Recently, if you searched for the California Republican Party on Google, you might have read that the political party’s ideologies included conservatism, market liberalism, and nazism. The latter listing has since been removed, and Google is blaming the results on Wikipedia “vandalism.”
Vice first reported the inclusion of “Nazism” under ideologies in Google’s knowledge panel—the box that shows up to the right of search results. It’s unclear how long the term had been there, but the tech giant removed it after being notified by the publication.
“We regret that vandalism on Wikipedia briefly appeared on our search results,” Google tweeted on Thursday in response to California congressman and House Majority Leader Kevin McCarthy. “This was not the the result of a manual change by Google. We have systems in place that catch vandalism before it impacts search results, but occasionally errors get through, and that happened here.”
Linking to the Vice story, McCarthy tweeted that “this is just the latest incident in a disturbing trend to slander conservatives.”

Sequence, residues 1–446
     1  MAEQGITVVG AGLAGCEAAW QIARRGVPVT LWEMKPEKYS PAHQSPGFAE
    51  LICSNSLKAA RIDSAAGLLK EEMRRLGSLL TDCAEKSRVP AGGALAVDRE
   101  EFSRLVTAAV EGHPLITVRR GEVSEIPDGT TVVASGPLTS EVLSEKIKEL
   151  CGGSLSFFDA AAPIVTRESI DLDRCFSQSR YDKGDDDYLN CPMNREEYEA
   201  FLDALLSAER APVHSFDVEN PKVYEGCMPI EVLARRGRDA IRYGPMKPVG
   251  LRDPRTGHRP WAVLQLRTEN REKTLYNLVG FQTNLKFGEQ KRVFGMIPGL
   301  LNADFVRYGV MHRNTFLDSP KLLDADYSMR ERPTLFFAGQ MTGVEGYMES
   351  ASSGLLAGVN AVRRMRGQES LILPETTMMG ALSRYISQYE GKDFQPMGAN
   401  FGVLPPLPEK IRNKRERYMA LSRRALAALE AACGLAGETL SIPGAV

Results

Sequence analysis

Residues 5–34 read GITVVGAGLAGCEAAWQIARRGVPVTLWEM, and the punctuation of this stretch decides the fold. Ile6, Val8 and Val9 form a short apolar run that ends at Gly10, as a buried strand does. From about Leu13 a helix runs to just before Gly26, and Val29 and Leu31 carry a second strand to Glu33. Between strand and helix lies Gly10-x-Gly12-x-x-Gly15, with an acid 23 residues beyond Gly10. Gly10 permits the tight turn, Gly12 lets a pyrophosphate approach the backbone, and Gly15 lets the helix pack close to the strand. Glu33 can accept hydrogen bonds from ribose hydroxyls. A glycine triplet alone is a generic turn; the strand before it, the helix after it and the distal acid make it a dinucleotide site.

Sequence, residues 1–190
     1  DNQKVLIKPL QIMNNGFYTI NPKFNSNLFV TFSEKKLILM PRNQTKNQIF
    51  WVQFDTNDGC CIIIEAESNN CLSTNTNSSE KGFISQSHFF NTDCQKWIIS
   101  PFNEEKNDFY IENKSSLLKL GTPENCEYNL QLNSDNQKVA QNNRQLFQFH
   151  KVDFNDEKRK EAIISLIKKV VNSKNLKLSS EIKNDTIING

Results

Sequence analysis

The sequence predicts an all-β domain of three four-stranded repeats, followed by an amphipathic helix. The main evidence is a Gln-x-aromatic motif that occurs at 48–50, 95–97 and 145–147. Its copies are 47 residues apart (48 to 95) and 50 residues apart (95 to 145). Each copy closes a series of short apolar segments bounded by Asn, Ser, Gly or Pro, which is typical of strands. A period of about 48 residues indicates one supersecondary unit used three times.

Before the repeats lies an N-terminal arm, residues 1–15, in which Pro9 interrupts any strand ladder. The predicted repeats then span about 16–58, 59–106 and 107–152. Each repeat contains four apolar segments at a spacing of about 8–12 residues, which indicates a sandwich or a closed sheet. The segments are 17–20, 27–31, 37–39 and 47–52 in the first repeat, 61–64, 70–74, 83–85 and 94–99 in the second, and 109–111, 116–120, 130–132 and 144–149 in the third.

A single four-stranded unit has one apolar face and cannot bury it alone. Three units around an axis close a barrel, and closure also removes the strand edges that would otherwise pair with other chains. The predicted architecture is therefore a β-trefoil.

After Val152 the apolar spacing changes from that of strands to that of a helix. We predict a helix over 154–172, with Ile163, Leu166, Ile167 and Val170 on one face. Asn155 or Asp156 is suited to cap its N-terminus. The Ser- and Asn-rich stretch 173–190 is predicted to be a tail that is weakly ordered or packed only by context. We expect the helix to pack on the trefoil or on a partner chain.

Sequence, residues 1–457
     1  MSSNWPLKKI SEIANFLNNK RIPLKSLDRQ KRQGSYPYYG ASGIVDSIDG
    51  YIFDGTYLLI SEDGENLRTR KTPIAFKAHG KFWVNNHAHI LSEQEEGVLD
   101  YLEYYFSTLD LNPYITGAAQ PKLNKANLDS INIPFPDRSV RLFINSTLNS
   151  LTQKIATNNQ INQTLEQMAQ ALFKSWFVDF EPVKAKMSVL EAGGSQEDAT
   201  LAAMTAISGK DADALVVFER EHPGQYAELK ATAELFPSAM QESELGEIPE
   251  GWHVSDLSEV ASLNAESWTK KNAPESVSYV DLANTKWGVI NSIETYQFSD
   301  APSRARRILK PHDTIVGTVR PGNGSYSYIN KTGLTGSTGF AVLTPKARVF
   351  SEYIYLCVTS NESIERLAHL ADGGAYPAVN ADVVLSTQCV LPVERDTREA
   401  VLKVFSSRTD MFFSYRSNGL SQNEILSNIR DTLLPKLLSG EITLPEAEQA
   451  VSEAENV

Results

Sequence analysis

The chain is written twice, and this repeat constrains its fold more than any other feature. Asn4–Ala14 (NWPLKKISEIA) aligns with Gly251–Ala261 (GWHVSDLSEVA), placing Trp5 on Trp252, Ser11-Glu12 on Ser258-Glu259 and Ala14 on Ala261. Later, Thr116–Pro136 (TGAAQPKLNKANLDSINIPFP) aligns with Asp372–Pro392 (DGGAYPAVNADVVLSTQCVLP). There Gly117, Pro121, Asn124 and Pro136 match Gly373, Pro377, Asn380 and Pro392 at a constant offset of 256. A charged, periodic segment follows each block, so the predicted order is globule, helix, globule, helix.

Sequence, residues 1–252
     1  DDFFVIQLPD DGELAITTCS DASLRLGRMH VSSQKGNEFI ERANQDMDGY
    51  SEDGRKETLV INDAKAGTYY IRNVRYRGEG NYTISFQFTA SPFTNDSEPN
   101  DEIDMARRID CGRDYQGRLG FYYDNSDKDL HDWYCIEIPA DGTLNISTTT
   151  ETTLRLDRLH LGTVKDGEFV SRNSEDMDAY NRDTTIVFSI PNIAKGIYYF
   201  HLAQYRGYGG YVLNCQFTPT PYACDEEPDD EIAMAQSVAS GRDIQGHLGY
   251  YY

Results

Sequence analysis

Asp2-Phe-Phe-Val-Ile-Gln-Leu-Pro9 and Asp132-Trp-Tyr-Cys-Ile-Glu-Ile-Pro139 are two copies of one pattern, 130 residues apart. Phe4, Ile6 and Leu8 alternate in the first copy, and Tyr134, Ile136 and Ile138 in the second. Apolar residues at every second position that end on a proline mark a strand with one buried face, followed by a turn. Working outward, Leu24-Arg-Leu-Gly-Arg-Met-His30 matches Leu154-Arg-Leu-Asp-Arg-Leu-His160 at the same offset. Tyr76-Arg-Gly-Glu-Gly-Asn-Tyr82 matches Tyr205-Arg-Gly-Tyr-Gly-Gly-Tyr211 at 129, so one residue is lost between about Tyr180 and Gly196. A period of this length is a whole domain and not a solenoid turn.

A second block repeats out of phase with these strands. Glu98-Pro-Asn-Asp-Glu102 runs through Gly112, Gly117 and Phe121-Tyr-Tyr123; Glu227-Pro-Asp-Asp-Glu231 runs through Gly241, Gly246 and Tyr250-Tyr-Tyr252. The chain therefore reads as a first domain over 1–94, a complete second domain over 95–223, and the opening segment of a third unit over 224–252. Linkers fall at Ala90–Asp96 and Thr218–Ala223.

Conservative sentiment that tech giants and their employees lean liberal, and silence or punish opposing ideologies, is certainly not unique. Just look at the momentum gained by the likes of James Damore and Peter Thiel. In this case, Google is pinning the blame on a Wikipedia troll, but it’s still disconcerting to see how easy it can be to manipulate the core product of one of the most powerful and influential companies in the world.
“We don’t bias our search results toward any political party,” a Google spokesperson told Gizmodo.
This is hardly the first time Google has come under fire for its search results and automated answers. Recently, Google’s autocomplete and related-search feature served up the names of legally protected sex and violent crime victims. After a gunman killed more than 50 people outside the Mandalay Bay Resort and Casino in Las Vegas in October, Google’s Top Stories wrongly identified the shooter after trolls on 4chan successfully gamed the system. The next month, after the massacre in Sutherland Springs, Texas, Google delivered incorrect search results on the shooter in its Popular on Twitter module.